One morning, very early, before the sun was up,
I rose and found the shining dew on every buttercup;
But my lazy little shadow, like an arrant sleepy-head,
Had stayed at home behind me and was fast asleep in bed.


 

Saturday, January 2, 2016

Adam Pynacker and Jacopo Bassano - The Annunciation to the Shepherds, Highlights from Handel's Messiah, Tomorrow (Manana) by Lope De Vega (translated by William Wordsworth)

This is the end of December so we'll start with a new artist next week. I'm planning to feature the Renaissance painter, Raphael for January-March.  You can check out my Web Album of Paintings by Raphael.  If you are printing them you may want to note that one of the pictures is of a wall in the Vatican, you can print it or not as you please, it is not a painting itself but rather for reference on the blog when we study the paintings from that room.

I got a note from an artist friend this week commenting on the paintings on the blog last week.  She noted the sleeping shepherds in the painting and said, "I am always disturbed at the ones who are asleep, and want to pray for those asleep around me."  Powerful thought!  I had completely missed the sleepers.... I had to look back through all the December paintings looking for sleepers..... 

The two paintings for this week both have angels reaching down from the heavens.  It's interesting to study the clouds and light, too.  Both pictures have a cow.  Jacopo Bassano's angel's wings are dark.  Adam Pynacker's angel wings are gray, but look light (perhaps even white) just grayed by the shadows.  I like to note the responses of the shepherds to seeing an angel and hearing the news as depicted in each painting. 


Adam Pynacker - The Annunciation to the Shepherds


Jacopo Bassano - The Annunciation to the Shepherds


Highlights from Handel's Messiah this week.  This music video has some beautiful paintings and of course the music is wonderful!!  Is some of it becoming familiar?  We've played it quite a few times as background music this month.  

The entry for December 31st in The One Year Book of Poetry compiled and written by Philip Comfort and Daniel Partner is Tomorrow (Manana) by Lope De Vega (translated by William Wordsworth).

                          Tomorrow (Manana)

Lord, what am I, that, with unceasing care,
   Thou didst seek after me, that thou didst wait,
   Wet with unhealthy dews, before my gate,
   And pass the gloomy nights of winter there?
Oh, strange delusion, that I did not greet
   Thy blest approach! and oh, to Heaven how lost,
   If my ingratitude's unkindly frost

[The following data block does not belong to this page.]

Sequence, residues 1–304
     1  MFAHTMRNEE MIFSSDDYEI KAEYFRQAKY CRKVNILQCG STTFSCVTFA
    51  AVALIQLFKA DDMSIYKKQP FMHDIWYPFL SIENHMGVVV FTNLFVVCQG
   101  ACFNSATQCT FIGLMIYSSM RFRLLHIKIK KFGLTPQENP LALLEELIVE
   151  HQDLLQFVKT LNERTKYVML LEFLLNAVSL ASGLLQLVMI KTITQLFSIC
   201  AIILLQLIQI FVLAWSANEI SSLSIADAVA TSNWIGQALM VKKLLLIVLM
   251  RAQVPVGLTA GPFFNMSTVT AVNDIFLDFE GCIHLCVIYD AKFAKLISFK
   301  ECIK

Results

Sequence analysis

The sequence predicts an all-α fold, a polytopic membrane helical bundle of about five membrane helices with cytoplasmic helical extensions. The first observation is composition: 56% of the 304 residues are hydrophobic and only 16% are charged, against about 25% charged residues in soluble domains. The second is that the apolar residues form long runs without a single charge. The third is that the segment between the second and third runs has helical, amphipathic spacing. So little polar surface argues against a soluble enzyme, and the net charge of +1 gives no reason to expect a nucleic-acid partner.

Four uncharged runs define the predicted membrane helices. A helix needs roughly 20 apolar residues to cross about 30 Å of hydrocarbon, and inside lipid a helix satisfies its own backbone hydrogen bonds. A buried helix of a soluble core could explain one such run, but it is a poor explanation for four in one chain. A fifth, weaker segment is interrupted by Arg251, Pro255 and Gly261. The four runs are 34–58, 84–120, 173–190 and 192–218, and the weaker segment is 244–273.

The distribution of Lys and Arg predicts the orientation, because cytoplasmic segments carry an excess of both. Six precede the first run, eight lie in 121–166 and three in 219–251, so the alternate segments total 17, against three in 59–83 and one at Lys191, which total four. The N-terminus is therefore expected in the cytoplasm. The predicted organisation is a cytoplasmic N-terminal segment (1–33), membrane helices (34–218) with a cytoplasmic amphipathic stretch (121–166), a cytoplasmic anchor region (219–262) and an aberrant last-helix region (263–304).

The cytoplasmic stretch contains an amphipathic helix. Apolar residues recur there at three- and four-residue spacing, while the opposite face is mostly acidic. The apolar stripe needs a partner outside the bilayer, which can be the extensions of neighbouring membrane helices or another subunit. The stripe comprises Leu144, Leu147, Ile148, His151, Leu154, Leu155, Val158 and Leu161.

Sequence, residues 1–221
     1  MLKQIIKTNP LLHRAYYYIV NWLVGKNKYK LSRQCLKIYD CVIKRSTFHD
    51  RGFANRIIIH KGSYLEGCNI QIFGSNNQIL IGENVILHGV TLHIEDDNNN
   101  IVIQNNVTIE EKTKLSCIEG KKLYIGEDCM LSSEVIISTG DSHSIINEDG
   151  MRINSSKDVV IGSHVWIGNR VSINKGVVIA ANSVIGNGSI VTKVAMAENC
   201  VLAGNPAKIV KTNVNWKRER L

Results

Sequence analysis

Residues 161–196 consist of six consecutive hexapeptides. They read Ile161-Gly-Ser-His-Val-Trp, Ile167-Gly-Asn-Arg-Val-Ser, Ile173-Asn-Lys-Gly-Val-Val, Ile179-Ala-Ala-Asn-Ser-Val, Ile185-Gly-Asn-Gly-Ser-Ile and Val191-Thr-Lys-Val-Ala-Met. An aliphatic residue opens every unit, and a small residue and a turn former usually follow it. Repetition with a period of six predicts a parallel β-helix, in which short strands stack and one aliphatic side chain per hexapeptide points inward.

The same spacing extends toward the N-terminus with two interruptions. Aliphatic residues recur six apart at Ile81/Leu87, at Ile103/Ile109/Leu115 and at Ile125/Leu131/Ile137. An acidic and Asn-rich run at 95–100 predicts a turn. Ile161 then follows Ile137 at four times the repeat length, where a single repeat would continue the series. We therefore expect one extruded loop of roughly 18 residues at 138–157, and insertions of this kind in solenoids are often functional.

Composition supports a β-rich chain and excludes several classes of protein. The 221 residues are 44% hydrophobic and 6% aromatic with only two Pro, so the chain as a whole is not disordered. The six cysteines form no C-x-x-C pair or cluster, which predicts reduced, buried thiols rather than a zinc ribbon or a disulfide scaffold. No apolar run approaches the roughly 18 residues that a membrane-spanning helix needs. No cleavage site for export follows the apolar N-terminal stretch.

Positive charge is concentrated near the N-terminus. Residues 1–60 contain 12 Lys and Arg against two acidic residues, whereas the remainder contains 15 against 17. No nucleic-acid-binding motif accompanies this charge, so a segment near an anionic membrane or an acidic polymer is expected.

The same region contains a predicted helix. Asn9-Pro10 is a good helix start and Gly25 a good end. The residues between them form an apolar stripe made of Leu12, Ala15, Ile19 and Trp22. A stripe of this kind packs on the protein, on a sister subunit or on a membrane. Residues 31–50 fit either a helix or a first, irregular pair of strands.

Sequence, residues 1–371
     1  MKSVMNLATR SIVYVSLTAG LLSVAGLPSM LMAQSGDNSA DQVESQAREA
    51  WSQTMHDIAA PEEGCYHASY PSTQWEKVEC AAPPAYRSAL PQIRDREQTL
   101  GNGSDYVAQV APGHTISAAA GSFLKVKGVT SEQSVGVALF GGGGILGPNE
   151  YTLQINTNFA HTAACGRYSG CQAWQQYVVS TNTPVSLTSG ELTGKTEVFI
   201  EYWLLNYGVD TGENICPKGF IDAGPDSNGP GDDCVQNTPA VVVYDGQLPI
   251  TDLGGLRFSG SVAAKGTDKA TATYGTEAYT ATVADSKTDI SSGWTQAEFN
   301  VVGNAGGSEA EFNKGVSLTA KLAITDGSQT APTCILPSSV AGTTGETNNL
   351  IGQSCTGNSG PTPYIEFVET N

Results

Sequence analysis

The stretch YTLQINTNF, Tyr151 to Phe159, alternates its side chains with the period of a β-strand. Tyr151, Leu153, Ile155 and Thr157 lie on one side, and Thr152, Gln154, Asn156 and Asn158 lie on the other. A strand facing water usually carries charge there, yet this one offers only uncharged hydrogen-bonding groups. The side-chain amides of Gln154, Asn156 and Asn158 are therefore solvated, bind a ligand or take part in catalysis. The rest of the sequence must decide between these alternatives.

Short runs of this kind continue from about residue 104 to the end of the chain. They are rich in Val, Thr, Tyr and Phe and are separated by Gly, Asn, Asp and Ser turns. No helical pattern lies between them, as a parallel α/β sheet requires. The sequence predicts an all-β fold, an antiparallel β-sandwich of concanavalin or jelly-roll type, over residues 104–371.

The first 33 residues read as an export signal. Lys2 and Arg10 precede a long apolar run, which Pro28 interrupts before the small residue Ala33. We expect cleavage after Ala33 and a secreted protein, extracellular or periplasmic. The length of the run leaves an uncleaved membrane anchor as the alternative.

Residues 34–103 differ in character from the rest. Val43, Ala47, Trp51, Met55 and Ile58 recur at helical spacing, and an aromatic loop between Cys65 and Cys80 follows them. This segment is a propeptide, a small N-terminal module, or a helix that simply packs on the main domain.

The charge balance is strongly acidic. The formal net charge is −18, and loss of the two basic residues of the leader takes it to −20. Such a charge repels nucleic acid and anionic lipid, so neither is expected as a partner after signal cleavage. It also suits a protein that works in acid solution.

Has chilled the bleeding wouunds upon thy feet!
How oft my guardian angel gently cried,
   "Soul, from thy casement look, and thou shalt see
   How he persists to knock and wait for thee!"
And, oh! how often to that voice of sorrow,
   "To-morrow we will open," I replied,
    And when the morrow came I answered still,
     "To-morrow."



Thursday, December 24, 2015

The Angel's annunciation to the Shepherds - Maitre des Corteges' and Abraham Bloemart, Handel's Messiah, and Let the Stable Still Astonish - Leslie Leyland Fields

I hope you're enjoying this themed study as much as I am!  Maitre des Corteges' painting has some interesting details.  At first I thought it was a cave or a building that the angels were peeking into, but looking closer I think that it is perhaps just the heavy layer as if there was a barrier between earth and heaven he is depicting. I think his animals and people look fairly realistic and skillfully painted. The clothing is interesting. The second painting is by the Dutch painter Abraham Bloemart who was also featured last week.  It would be interesting to compare his two works.  

Maitre des Corteges - Annunciation to the Shepherds

Abraham Bloemaert - The Annunciation to the Shepherds

Here are the links again to Messiah: A Sacred Oratorio or Handel's Messiah.  One of the beautiful things about George Fredrick Handel's Messiah Oratorio is that it is full of Scripture.  

This beautiful poem this week:

Let the Stable Still Astonish

by Leslie Leyland Fields

Let the stable still astonish:
Straw-dirt floor, dull eyes,
Dusty flanks of donkeys, oxen;
Crumbling, crooked walls;
No bed to carry that pain,
And then, the child--
Rag-wrapped, laid to cry
In a trough.
Who would have chosen this?
Who would have said,
“Yes,Let the God of Heaven and Earth
Be born in this place”?
Who but the same God
Who stands in the darker, fouler rooms
Of our hearts
And says,
“Yes,Let the God of Heaven and Earth
Be born in this place.”